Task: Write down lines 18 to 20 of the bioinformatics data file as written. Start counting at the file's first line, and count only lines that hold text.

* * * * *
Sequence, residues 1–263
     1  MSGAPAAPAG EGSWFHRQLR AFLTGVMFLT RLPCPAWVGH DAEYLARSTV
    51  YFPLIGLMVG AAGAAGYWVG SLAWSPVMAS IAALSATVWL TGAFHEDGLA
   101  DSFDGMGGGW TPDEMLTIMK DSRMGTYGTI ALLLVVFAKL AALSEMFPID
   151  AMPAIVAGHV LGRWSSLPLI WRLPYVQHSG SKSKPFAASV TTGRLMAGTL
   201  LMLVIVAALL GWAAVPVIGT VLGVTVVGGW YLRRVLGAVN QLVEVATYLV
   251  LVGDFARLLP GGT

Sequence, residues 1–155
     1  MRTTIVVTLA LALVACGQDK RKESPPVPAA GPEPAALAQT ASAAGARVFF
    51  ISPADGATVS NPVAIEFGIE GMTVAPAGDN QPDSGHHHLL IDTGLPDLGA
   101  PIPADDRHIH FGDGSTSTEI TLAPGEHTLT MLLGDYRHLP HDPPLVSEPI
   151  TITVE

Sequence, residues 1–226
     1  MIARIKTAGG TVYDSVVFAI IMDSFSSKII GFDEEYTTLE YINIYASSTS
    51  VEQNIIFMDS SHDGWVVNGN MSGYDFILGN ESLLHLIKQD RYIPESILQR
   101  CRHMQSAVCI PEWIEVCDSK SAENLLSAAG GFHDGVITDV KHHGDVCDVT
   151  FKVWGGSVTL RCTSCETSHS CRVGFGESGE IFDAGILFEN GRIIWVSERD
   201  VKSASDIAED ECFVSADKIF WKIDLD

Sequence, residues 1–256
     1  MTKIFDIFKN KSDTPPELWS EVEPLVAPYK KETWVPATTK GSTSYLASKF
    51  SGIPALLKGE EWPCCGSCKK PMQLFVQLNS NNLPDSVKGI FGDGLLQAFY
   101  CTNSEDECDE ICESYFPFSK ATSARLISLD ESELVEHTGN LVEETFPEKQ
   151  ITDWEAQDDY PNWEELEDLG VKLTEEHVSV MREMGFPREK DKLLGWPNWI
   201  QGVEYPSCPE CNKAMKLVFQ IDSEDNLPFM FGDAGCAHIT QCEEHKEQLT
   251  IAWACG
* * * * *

   201  VKSASDIAED ECFVSADKIF WKIDLD

Sequence, residues 1–256
     1  MTKIFDIFKN KSDTPPELWS EVEPLVAPYK KETWVPATTK GSTSYLASKF